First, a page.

Data mining

Data mining (DMM), also called Knowledge-Discovery in Databases (KDD) or Knowledge-Discovery and Data Mining, is the process of automatically searching large volumes of data for patterns using tools such as classification, association rule mining, clustering, etc. Data mining is a complex topic and has links with multiple core fields such as computer science and adds value to rich seminal computational techniques from statistics, information retrieval, machine learning and pattern recognition. Available data on the internet is constantly growing and changing, with personal information filling in the missing gaps. Searching and using this information is called Data Mining.


Privacy Concerns

Privacy is an issue which concerns our entire society. Data mining has been put into practice by many businesses before data mining even had a name. The inverse relationship between smaller drives and increased storage capacity has afforded various organizations to collect large amounts of data in the form of minutia from individual users. These minutia are harmless by themselves but when other organizations compile the data collected regarding an individual user or users this information can be used to discriminate against certain populations. The purpose of data mining to seek out and find patterns in data which can be might not other wise used as information. Since data mining is based on the extraction of unknown patterns from a database, "data mining does not know, cannot know, at the outset, what personal data will be of value or what relationships will emerge. Therefore, identifying a primary purpose at the beginning of the process, and then restricting one's use of the data to that purpose are the antithesis of a data mining exercise."( Ontario Information and Privacy Commissioner Ann Cavoukian. The report, Data Mining: Staking a Claim on Your Privacy")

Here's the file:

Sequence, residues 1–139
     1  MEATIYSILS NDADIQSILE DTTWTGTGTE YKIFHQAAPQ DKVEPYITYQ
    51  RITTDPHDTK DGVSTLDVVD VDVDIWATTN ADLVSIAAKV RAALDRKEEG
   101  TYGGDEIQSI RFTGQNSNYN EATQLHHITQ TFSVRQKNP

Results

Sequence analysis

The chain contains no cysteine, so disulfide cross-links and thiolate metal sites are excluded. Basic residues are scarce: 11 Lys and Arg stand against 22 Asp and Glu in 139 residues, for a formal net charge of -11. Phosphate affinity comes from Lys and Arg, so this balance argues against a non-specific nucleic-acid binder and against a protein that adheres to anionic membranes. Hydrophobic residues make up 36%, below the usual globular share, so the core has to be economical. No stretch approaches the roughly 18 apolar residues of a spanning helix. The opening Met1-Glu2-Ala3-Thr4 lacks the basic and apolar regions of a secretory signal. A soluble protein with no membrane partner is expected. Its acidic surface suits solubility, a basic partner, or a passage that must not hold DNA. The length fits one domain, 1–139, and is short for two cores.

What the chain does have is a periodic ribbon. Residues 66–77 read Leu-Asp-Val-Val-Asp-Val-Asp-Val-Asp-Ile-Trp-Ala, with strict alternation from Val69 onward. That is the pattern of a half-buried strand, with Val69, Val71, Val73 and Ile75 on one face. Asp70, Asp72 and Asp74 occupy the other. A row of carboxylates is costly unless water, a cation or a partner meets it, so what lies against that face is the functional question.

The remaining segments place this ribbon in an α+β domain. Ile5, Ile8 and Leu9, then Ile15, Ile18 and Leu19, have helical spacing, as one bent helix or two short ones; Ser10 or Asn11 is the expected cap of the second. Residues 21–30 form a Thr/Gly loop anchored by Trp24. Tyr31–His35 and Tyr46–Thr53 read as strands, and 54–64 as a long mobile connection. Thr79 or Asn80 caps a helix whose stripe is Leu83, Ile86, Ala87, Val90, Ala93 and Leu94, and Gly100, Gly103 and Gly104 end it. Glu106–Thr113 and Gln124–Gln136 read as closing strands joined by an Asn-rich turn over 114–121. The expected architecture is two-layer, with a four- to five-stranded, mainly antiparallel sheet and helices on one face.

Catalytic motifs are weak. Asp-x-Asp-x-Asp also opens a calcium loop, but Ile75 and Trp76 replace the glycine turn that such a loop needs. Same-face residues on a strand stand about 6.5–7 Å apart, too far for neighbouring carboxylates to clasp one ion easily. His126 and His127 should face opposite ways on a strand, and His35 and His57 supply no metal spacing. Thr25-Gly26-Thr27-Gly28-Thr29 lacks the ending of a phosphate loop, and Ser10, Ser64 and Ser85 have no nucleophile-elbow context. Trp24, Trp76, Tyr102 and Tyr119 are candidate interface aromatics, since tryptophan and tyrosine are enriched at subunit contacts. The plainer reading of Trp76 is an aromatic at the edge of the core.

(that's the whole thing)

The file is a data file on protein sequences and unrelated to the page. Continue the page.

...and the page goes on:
Mr. Hulse used small time "data-mining" on Mr. Kondor as an example to discover what kind of information he could discover. He found out the Kondor household mortage, his address, his parent's income, his phone number, along with several other pieces of confidential information which he would like to refrain from being posted in this Wiki. Mr Hulse is a kind gentleman with no need for malicious harm of Mr. Kondor, but what if a terrorist or enemy got hold of this information? What would be the implications? Who would be hurt? How hard can finding a social security number be? Stealing an identity?

The below table is another example of what kinds of information companies can discover about you, just by purchasing a product of theirs.
external image Data_Mine_Table.GIF

Notable uses of data mining

Data mining is most often seen in the retailing and marketing world. It allows companies to retrieve data that can be used to generate more profit. A great deal of useful information can be analyzed and put to use, answering questions such as:

  • Who is buying our product and who should we focus our advertising on?
  • In what region are we selling the most?
  • Are our customers happy?
  • What are they buying?
  • How much of it are they buying?
  • Who are our competitors in the market?

Wal-Martexternal image walmart.jpg

Wal-Mart's use of data mining has been very prominent in past years. The company continuously keeps track of transactions in nearly 3,000 stores, and then transmits this data to a 7.5 terabyte data warehouse. Here, employees look over the information to see what products are selling well and respond to it. This allows Wal-Mart to manage their inventory optimally and find new sales opportunities. Data collected is shared with suppliers, who then know where their products are selling the best, providing mutual benefit.

Impact on Wal-Mart

It has been estimated that the use of RFID tags would save the retailers about $69 billion worldwide. Nearly three hundred suppliers currently ship products to Wal-Mart. The products are being received at five distribution centers. More than 3 million tagged items are scanned by Wal-Mart every week. Wal-Mart would be scanning goods from more than 600 suppliers by 2007.

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